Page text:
Seven-year cycles turn up in Hinduism, Buddhism and (most relevant to MES) astrology. There's also a popular myth that the all of the cells in the human body replace themselves over the course of seven years.
harleyr
  • 4. harleyr | 10/02/2015
Just come across another example of the seven year cycle, in Aristotle's Politics (Oxford World Classics p293):

"The offspring of elderly men, like that of very young men, tends to be physically and mentally imperfect; and the children of old age are weakly. We may therefore fix the length of time for which procreation lasts by reference to the mental prime. This comes for most men - as some of the poets, who measure life in seven-year periods, have suggested - about the age of 50."
Zack
  • 5. Zack | 02/03/2017
Hey B, you've got this song listed on the Fall Heads Roll album page.

MES also borrows the "Coming Down" vocal cadence on "The Young, The Faceless and The Codes" by Von Sudenfed.
Zack
  • 6. Zack | 03/03/2017
"Shiny heads" - Surely a reference to drummer Spencer Birtwistle (bald) and guitarist Ben Pritchard (balding).

"Tanned skin" - In Renegade, MES describes the lads as having gotten a lot of sun whilst in the States.

"Sail the shiny sea" - Well, they probably took a plane, but on or shortly after 8 May 2006 Pritchard, Birtwistle and Steve Trafford crossed the Atlantic, back to the UK and out of The Fall forever.
bzfgt
  • 7. bzfgt (link) | 03/03/2017
Thanks, Zack, fixed, added.
Andy
  • 8. Andy | 02/02/2018
Maybe too obvious to note, but the fourth verse of “America, the beautiful” contains the lyric “From sea to shiny sea”, a line that is found with the original constitutions of some of the states.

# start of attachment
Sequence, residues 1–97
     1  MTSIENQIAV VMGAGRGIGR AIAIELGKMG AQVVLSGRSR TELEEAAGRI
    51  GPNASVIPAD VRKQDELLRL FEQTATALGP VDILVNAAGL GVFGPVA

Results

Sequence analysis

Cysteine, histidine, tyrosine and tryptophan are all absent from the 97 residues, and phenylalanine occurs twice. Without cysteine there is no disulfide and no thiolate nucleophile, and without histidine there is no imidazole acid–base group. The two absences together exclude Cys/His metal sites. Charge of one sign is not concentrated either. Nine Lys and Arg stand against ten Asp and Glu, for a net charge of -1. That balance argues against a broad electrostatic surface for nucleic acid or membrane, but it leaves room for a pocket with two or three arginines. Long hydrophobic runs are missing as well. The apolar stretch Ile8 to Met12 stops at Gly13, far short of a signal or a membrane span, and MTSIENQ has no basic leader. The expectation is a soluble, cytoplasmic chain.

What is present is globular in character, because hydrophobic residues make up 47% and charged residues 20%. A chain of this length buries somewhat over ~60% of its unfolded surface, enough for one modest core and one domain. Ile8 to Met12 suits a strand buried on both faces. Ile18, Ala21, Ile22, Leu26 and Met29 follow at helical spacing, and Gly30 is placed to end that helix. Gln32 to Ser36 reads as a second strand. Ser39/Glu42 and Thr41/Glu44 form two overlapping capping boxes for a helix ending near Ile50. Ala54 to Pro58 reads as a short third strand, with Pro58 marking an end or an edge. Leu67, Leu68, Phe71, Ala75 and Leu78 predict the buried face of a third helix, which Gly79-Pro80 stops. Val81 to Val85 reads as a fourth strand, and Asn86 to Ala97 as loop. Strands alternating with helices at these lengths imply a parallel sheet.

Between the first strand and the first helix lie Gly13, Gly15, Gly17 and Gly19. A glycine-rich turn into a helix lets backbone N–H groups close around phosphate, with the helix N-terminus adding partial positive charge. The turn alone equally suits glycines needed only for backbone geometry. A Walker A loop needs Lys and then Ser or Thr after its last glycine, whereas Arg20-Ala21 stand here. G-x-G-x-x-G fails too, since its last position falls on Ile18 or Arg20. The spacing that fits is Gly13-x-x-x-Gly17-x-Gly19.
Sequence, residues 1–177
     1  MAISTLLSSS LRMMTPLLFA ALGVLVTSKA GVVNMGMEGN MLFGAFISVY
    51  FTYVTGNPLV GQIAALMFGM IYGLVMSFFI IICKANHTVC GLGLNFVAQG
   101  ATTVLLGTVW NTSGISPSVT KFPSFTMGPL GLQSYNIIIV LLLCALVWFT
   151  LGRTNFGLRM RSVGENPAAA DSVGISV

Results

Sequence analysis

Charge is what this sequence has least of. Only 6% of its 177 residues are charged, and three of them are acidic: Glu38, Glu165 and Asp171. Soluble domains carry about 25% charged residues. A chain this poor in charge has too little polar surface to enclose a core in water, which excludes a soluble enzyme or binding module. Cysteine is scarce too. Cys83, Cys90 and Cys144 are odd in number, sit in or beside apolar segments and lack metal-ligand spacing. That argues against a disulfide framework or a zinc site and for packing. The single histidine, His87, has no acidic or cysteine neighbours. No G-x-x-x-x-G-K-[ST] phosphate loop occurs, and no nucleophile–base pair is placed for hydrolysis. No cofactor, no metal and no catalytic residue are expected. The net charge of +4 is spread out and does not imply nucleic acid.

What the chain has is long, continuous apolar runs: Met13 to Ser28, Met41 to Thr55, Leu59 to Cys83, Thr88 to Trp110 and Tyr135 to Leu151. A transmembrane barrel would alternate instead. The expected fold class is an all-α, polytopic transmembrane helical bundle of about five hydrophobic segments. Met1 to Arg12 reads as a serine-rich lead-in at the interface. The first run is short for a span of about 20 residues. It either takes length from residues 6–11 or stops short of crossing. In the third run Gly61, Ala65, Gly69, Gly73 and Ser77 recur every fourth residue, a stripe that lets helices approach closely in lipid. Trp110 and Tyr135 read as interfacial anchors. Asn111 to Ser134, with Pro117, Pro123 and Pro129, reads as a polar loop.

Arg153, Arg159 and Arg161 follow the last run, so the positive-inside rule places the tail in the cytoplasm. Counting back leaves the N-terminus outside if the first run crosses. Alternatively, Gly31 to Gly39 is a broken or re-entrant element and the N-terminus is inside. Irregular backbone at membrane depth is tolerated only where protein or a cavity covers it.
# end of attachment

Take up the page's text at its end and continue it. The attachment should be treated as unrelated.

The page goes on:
The fact that the melody of the song is filched from The United States of America seems to sit well with this.

Also, I recall Mark E Smith talking about how weird he found Americans because every time he came back they would be in the grips of a new fad. He said something like *every three years the people believe something different.* (I think it was from a longish pre-show interview from the early 2000s (on youtube), sometime after the 24 Hour Party People movie. Just thought that this reference connects loosely with the idea of a daily seven year cycle.
bzfgt
  • 9. bzfgt (link) | 12/02/2018
Yes, worth mentioning, Andy! Added.
Junkman
  • 10. Junkman | 29/03/2018
In numerous interviews MES used to talk about turning on teletext subtitles to see how bad modern band's lyrics were. One of the examples of a typically shit line he would quote was "I walk up the hill" or variants of that. This from the Sunday Herald, 2006 (i.e. the rough time frame of making this record):